In a randomized crossover trial, 15 weeks of exercise training resulted in an improved 6MWD when compared with sedentary controls (+96 versus -15 meters) [24]. Following crossover, the sedentary group also improved their mean 6MWD (+74 meters). Exercise training improved the World Health Organization (WHO) functional class and peak oxygen consumption. However, exercise training did not improve hemodynamic abnormalities, measured as the Doppler-derived pulmonary artery systolic pressure.

Vaccinations — Pulmonary hypertension is considered a chronic disease and as such, patients should be immunized with all age-appropriate as well as influenza and pneumococcal pneumonia vaccines.

Surgical risk — Patients with pulmonary hypertension, in particular those with pulmonary arterial hypertension (PAH) and significant right ventricular dysfunction, are at high risk of complications and death when undergoing anaesthesia, mechanical ventilation, and major surgery [30-32]. The perioperative management can be complicated by hemodynamic instability resulting in severe hypoxemia, acute right heart failure/circulatory collapse and death [33]. In addition, medication-related complications can increase surgical risk of bleeding (eg, anticoagulants and prostanoids).

The degree of surgical risk was described in an international, prospective study that collected data from 114 patients with PAH undergoing noncardiac and nonobstetric surgery [33]. Major complications and perioperative mortality were seen in 6 and 3.5 percent, respectively, with the highest mortality in those requiring emergency procedures (15 percent).

The following risk factors predicted major complications [34]:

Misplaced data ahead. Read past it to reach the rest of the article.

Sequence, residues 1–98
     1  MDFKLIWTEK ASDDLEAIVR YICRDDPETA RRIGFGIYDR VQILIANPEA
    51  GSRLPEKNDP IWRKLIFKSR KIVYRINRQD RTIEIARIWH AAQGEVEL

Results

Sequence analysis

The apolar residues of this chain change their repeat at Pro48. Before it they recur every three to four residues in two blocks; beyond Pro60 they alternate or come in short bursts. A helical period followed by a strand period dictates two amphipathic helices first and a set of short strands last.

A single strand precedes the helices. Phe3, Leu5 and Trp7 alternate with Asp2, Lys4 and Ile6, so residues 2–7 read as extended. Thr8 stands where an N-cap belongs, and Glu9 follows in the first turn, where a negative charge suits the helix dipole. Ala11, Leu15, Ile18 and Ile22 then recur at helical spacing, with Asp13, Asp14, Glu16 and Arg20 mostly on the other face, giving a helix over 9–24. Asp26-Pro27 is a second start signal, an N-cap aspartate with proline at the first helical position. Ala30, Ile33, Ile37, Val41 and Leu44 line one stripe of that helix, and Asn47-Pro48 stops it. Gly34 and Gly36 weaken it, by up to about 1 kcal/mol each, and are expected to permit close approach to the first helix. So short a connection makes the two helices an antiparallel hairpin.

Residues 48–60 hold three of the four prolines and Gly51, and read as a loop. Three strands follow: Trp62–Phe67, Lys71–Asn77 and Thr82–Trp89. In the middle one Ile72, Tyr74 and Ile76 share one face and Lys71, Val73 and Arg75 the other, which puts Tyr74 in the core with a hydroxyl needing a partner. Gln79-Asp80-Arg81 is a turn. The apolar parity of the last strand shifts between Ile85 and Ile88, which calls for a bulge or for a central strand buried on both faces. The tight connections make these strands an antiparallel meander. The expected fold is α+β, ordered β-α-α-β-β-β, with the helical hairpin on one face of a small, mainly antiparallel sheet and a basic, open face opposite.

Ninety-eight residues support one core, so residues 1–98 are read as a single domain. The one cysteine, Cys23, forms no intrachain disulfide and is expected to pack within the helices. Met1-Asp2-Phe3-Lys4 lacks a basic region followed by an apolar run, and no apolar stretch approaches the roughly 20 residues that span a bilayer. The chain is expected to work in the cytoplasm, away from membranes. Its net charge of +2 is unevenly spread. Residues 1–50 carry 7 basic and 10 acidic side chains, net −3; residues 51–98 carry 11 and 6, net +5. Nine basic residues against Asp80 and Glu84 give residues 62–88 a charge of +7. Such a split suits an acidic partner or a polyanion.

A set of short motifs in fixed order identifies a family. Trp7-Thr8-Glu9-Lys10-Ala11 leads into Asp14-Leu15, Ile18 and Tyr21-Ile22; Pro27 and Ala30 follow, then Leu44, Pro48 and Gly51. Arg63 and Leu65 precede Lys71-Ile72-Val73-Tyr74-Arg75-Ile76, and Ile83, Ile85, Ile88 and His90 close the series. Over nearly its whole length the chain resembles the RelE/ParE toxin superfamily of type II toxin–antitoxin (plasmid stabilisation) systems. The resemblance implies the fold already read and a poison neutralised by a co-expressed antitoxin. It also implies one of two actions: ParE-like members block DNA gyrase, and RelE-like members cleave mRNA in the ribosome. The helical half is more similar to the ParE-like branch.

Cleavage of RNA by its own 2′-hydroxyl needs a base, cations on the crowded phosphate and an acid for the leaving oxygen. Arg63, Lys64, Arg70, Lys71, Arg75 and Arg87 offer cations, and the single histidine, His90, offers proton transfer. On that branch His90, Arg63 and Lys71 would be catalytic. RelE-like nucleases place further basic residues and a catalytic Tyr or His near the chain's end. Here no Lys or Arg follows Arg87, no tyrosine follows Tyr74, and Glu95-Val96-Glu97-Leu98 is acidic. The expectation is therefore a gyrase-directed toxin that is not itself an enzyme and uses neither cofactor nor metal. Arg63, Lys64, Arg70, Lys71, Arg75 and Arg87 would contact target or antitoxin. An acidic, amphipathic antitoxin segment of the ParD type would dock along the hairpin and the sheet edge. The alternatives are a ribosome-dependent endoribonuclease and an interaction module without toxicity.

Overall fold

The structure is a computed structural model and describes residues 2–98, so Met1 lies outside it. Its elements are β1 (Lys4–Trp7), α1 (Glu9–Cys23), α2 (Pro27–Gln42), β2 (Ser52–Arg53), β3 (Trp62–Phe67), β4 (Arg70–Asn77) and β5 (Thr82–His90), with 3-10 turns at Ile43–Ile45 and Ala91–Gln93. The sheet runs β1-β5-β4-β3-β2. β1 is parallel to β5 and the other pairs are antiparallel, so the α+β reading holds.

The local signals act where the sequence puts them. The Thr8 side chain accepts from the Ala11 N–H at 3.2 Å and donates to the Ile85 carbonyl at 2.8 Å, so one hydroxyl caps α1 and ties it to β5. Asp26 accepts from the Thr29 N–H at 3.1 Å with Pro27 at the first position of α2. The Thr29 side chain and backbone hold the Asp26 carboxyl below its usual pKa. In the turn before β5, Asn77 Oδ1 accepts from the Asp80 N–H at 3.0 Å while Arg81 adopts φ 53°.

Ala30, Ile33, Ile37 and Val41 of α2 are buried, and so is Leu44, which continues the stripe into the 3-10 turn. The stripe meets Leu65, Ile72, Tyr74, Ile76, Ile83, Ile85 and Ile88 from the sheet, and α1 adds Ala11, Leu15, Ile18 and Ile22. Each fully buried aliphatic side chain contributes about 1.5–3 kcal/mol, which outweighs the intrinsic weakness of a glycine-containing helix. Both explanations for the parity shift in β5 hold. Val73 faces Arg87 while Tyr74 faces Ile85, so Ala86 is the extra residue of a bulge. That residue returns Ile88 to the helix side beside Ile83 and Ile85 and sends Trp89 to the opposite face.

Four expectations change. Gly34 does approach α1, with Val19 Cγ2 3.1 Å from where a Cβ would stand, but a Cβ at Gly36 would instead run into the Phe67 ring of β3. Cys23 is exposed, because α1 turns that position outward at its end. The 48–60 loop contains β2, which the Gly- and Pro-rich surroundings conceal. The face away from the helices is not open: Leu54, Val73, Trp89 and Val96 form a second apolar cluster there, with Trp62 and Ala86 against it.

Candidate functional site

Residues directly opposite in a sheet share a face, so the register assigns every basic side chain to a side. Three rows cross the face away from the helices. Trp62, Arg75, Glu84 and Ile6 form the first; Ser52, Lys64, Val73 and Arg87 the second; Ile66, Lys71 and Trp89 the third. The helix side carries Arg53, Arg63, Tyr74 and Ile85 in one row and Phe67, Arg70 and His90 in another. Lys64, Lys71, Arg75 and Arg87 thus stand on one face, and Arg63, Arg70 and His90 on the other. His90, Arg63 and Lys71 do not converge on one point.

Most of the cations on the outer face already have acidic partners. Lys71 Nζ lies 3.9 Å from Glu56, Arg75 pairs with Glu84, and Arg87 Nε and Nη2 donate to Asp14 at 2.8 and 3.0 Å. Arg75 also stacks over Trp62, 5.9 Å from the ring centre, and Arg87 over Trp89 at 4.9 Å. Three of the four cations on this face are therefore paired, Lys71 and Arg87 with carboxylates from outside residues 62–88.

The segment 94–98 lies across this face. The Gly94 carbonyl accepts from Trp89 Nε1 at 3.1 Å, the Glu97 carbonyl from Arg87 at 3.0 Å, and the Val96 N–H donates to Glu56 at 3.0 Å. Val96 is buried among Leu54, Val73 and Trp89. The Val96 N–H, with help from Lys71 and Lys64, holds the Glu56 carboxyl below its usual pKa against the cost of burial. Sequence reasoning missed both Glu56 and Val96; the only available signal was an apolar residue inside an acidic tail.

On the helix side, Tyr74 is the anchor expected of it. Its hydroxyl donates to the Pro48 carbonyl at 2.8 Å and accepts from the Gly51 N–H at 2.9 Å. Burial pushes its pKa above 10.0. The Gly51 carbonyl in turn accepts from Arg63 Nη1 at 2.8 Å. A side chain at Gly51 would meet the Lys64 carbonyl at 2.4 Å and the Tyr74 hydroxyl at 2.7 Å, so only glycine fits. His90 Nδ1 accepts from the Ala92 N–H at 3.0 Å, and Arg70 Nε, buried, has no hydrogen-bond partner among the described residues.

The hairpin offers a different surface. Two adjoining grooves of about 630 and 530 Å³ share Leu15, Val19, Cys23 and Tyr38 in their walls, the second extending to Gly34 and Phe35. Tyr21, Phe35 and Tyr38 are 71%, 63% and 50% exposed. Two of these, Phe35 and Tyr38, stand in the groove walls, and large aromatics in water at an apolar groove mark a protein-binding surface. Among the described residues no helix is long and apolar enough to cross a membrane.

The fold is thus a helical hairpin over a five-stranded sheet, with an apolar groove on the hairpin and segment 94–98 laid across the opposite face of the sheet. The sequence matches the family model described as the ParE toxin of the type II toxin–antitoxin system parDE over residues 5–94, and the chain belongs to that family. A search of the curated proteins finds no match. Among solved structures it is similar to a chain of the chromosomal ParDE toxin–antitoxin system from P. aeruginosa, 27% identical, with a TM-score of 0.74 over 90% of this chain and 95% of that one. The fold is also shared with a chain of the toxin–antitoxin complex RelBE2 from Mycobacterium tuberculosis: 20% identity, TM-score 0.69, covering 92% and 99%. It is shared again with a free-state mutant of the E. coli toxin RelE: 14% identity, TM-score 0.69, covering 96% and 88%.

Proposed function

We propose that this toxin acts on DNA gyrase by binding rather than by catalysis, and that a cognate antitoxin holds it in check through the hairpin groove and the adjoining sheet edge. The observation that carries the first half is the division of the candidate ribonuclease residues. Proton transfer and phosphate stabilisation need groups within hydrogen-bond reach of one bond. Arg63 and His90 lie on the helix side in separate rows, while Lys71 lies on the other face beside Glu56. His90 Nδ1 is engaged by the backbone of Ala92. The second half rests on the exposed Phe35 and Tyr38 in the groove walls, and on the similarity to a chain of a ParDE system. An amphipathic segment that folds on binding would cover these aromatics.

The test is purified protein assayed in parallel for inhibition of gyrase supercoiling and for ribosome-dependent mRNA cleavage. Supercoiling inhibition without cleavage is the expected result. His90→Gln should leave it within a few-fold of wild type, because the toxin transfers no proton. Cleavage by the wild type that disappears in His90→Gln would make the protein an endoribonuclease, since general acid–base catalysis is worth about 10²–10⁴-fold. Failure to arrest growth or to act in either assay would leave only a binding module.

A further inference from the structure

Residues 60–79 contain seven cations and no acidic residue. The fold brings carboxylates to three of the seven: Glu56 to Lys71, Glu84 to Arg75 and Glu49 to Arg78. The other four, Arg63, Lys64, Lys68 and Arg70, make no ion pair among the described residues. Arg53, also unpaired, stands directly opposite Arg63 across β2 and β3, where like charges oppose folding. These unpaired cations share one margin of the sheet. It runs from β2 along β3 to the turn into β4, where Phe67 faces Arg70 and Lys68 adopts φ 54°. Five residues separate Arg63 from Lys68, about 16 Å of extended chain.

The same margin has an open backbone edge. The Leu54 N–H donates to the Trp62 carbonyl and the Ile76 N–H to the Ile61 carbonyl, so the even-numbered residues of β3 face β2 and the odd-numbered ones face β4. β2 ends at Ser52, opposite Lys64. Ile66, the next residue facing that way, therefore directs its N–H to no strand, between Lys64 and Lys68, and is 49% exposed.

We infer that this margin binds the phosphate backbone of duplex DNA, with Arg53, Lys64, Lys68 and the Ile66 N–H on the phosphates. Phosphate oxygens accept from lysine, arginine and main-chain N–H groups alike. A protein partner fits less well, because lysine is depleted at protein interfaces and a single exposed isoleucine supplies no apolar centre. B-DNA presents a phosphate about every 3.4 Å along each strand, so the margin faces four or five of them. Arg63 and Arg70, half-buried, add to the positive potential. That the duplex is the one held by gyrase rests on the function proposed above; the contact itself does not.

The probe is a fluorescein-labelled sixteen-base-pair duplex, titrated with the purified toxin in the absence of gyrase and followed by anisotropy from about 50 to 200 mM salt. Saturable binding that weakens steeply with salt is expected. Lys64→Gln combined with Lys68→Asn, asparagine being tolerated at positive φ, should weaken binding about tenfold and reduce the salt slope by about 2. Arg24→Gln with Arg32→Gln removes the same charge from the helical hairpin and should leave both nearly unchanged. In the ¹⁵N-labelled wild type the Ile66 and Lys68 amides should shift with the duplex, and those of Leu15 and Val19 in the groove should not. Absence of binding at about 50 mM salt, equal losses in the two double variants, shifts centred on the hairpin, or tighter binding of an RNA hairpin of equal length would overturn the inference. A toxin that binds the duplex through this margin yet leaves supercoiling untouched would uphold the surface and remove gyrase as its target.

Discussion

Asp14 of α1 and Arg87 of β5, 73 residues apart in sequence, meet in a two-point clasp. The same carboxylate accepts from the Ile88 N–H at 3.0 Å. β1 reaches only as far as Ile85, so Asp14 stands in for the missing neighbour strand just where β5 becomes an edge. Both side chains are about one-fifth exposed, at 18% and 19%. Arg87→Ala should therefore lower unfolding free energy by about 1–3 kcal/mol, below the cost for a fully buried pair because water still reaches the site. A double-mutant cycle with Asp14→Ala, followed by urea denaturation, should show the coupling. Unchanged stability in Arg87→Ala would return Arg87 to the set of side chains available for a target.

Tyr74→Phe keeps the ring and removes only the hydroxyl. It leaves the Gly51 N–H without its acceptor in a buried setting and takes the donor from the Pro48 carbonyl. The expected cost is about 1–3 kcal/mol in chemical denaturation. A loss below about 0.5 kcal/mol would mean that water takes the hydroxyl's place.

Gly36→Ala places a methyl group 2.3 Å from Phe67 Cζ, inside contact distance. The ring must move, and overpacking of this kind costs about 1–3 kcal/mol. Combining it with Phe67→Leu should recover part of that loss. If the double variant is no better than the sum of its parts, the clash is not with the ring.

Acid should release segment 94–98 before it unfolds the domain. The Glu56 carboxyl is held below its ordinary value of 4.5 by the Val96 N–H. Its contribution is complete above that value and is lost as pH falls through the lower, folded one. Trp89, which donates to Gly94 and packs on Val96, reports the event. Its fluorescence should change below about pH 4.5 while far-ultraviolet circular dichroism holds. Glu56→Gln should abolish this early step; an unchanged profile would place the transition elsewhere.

Emergency surgery (odds ratio [OR] 2.4, 95% CI 1.4-3.6)

Elevated right atrial pressure (>7 mmHg) (OR 1.1, 95% CI 1.0-1.3)

Six-minute walking distance (≤399 meters) (OR 2.2, 95% CI 1.1-3.7)

Perioperative use of vasopressors (OR 1.5, 95% CI 1.2-2.7)

There is no standard approach to the management of these patients in the perioperative period. However, we typically apply simple measures such as careful monitoring of anticoagulants, fluid balance, oxygenation, blood pressure, and heart rate. Preoperative medications for PAH generally should be continued without interruption. The value of this approach, as well as right heart catheterization for the perioperative management of PAH, is unknown and requires further study. (See "Pulmonary artery catheterization: Indications, contraindications, and complications in adults", section on 'Patients undergoing high risk surgery' and "Evaluation of preoperative pulmonary risk", section on 'Pulmonary hypertension'.)

ADVANCED THERAPY

Overview — Advanced therapy is directed at the pulmonary hypertension (PH) itself (PH-targeted therapy), rather than the underlying cause of the PH. It includes treatment with prostacyclin pathway agonists, endothelin receptor antagonists, nitric oxide (NO)-cGMP enhancers, or rarely, certain calcium channel blockers. Patients with persistent PH with World Health Organization (WHO) functional class II, III, or IV despite treatment of the underlying cause of the PH should be referred to a specialized center to be evaluated for advanced therapy.

Advanced therapy should not be administered unless a diagnostic right heart catheterization (RHC) and extensive investigations for the etiology of PH have been performed. Additionally, most patients with group 1 PAH, in particular, those with idiopathic PAH, heritable PAH, and anorexigen-induced PAH, should also undergo vasoreactivity testing during RHC which facilitates agent selection [1,11]. (See 'Vasoreactivity test' below.)